09/06/2016 - Return to Gran Canaria, Part One

Last year's trip to Gran Canaria proved so successful that we found another excuse (this time Stuart's 60th birthday) to go again, even down to booking the same week at the same hotel! As before, I took a selection of LRF and light game gear hoping to add a few more species to my tally from last trip. Arriving Wednesday afternoon, the rest of the day was spent settling in, admiring the view over to Puerto Mogan from our balcony and having a few drinks down on the patio. 

Next day we took the short trip by hire car to Puerto Mogan and headed down to the water front. While the others got ready to go for a swim, I headed straight out onto the old section of breakwater, where there was already one other chap float fishing off the end over the rocks. 

I set up a tried-and-tested drop shot rig with a #10 Sabpolo wormer hook baited with Gulp Angle worm and dropped it down the side to be met with instant bites. Found that the usual suspects were to blame, i.e. Canary damselfish and ornate wrasse. The place seemed to be snided with them! Eventually had a couple of female European parrotfish that put a proper bend in the rod, before dropping my rig down into the shadows next to a large boulder. The next fish was a lot smaller, but was a new species - a Madeiran rockfish - swiftly followed by a slightly larger one next cast. Unfortunately, it was back to the damsels and wrasse after this until the tide dropped and the fish retreated to deeper water. 

Talked to the other fisherman after it turned out he was English as well. He was floatfishing bread and just picking up the odd damselfish, so I gave him some Angleworm to try when I left to re-join the others on the beach. Before we left we had a walk around the harbour, or "free aquarium". As well as numerous species of bream, mullet, colourful male parrotfish and the odd bass, there was a big shoal of barracuda in residence, in sizes ranging from about 8 inches up to the odd individual getting on for three feet long - unfortunately due to Spanish law all out of bounds!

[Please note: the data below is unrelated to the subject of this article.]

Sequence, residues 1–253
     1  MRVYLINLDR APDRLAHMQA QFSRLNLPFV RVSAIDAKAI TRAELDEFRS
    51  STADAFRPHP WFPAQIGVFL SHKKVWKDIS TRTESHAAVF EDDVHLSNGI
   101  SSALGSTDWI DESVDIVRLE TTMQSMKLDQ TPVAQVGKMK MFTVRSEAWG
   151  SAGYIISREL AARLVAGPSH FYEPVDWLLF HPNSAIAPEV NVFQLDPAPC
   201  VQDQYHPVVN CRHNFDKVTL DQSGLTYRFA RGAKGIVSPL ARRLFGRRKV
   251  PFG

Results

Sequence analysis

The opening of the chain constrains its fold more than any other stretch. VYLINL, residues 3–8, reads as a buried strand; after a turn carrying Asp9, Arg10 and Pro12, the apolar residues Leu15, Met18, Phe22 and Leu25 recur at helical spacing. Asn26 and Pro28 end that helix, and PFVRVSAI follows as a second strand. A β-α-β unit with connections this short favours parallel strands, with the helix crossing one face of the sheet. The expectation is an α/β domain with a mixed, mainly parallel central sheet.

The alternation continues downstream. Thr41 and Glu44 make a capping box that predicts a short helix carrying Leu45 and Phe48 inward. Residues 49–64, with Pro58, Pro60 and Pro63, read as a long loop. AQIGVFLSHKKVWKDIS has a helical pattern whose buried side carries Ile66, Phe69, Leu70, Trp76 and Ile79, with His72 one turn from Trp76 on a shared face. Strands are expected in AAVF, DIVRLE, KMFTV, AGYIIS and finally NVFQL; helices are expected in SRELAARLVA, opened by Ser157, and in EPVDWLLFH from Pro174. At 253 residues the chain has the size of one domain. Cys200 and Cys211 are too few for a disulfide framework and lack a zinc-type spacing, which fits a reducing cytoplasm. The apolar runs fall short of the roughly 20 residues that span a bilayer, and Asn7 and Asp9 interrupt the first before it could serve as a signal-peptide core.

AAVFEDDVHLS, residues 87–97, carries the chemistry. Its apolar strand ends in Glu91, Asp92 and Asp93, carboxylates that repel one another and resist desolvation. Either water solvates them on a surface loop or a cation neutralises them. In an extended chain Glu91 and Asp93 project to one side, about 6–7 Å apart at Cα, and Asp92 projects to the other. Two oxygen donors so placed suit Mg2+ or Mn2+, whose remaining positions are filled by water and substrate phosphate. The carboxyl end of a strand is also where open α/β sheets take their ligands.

The next day we ventured well off the beaten tourist track down to a "secret" beach I'd found on Google, which involved a bit of a scramble down a barranco (ravine). I'd also warned the others that it had a bit of reputation as a nudist beach, so it wasn't really a surprise when we got down to a small, enclosed, sandy beach to find a few locals already there and "au naturel"! Got the snorkel gear on for a quick recce up the left hand side of the beach and soon spotted a number of different species both in the rocks and out on the sand. Back on the beach I headed out with the fishing gear, gingerly making my way over the still wet and very slippy rocks to a point where I could fish down the drop off. Not surprisingly, the ornate wrasse and the damsels were out in force. However, I did also manage a Macronesian sharpnose pufferfish before being forced off the rocks by the incoming tide. 

Back on the beach I had a cast out over the sand and got a fish on first time - the smallest lizardfish I've ever seen! Wasn't complaining as this was another new species for me - the Atlantic lizardfish rather than its rock-dwelling cousin the diamond lizardfish. Carried on casting from the beach, inching the rig back slowly and keeping the rod tip high, feeling for bites. Had a few rattles and knocks doing this, before hooking into another fish. This one I knew straight away from Scott Hutchison's blog to be a cleaver wrasse, or pearly razor fish, with its brilliant colours and its two pairs of "fangs" with which it did its best to nip me with while I unhooked it. 

Casting over the same spot I had two more of his companions before the bait was taken on the drop by something a little more acrobatic. This turned out to be a silvery derbio, which flicked its spiny dorsal fin in and out of the slot in its back like a switchblade. Next cast it was something different yet again. However, I only had glimpse of a small flatfish before it came off! Had my suspicions about what this might have been and was a bit disappointed as it was another one of my target species. Went quiet after this, so returned to the others to soak up some rays before we had to make the scramble back up to the car. On the way past some rocks Stuart and Duncan disturbed some seriously big-looking Gran Canarian giant lizards, which belted straight down the path at me and Rob! Luckily they shot off into a hole before we had to take avoiding action. 

Had a few deserved beers back at the hotel that night and agreed with the others we'd definitely return to what was now dubbed "sex beach" by a prudish Stuart!

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